- Speak with your friends and family about the cost of BSL – both in tax dollars and in emotional trauma for the families of pets who are targeted (and to the pet itself). Remind them that this is not a “pit bull” issue – under BSL, any mixed breed or dog resembling a “bully breed” is vulnerable. And, quite often, the dog that is targeted has no history of aggression, has not bit anyone, and has had no reasonable complaints against it. It is because of the “look” of the dog, not the actions of the dog or the owners. Please check out the Tool Kit (under Resources) for information sheets, facts, stats and talking points.
- Let your friends, family and others who are interested know that while legislation and public discourse focus on breed, they ignore the real factors behind dog attacks, leaving our communities no safer.
Balance the Conversation
- If you see inaccurate media coverage regarding the breed or type of dog involved in a bite or attack, please let us know a.s.a.p. by emailing: firstname.lastname@example.org. (If you can, take screen shots or photographs of the coverage and send them to us, along with the links. Online content is frequently updated or changed, so screen shots are the best way to capture information when it is initially reported.)
- Politely contact the reporter and/or editor of the news source, pointing out the inaccuracy and asking for a correction to be run. (You can find the contact information on the media outlet’s website.)
- Use your own social media presence to spread accurate information. Please check out our tool kit for information sheets, facts, stats and talking points.
Ensure ALL Dog Incidences Are Reported
If you see a nuisance or aggressive dog in your neighbourhood, contact your local animal control department. This number should be available on the city or town’s website. Reporting problem dogs does not make you a bad neighbour and does not mean the dog will get in trouble. It means that your city’s animal services team has the opportunity to take action early, before that dog’s behaviour has a chance to escalate.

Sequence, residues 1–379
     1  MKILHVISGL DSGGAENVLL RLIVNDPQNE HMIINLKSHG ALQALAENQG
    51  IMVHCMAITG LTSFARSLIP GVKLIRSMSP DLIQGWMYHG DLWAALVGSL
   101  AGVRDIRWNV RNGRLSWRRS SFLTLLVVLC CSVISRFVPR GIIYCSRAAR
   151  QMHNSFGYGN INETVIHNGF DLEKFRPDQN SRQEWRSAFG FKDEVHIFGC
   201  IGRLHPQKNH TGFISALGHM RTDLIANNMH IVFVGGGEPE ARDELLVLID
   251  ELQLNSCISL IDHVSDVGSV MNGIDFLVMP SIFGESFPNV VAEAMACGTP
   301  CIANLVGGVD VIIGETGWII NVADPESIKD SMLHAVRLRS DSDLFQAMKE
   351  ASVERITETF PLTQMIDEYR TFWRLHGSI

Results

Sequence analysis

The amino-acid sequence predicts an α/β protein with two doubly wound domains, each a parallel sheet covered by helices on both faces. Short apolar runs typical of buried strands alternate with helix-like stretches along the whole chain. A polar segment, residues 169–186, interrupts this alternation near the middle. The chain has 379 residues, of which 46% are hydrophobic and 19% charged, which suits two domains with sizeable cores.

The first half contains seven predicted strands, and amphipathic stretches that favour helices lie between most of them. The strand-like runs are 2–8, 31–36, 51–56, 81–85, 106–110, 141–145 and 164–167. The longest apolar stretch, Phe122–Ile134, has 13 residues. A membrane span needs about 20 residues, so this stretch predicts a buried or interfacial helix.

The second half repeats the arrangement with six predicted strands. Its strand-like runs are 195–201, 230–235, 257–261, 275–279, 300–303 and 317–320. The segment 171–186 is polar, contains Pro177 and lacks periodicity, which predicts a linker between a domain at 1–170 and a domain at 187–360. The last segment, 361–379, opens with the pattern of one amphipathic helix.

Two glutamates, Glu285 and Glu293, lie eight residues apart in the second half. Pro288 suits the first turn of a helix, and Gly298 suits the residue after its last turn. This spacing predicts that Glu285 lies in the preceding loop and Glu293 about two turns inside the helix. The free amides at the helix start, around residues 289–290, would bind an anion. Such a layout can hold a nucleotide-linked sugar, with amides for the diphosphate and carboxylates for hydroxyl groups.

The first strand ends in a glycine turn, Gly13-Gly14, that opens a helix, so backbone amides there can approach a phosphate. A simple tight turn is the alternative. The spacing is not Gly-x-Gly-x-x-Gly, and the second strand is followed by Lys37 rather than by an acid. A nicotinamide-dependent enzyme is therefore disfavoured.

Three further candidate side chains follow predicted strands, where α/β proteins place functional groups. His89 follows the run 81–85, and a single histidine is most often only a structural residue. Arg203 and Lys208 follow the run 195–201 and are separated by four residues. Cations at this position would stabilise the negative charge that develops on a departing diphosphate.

Almost without exception, any dog that seriously injures people has a long track record of minor bites and nuisance behaviour. By reporting all bites and incidences equally, we will also see a more balanced picture of which dogs (and which breeds) are causing problems.
Be Community Minded
People can also support community efforts that help to address the risk factors for dog bites and attacks. The city/town can do its part by enacting legislation and enforcement, but community groups often play an important role by providing:
- Spay and neuter subsidies
- Affordable vet care
- Outreach to low-income and vulnerable residents to provide training support, humane training equipment and one-on-one assistance for their pets
There are a few organizations in British Columbia that are committed to helping on a grass-roots level. Consider donating or volunteering to some of these initiatives:
- The SPCA provides low-cost spay/neuter and subsidy programs, as well as low-cost vet care through their Vancouver Hospital.
- HugABull has training opportunities by donation, as well as spay/neuter subsidies.
- Paws for Hope has a spay/neuter program and a vet care assistance program for low-income pet owners.
- Best Friends for Life provides food and support to low-income pet owners.
If you cannot find similar organizations or programs, please e-mail us at: email@example.com and we will do our best to help connect you with them.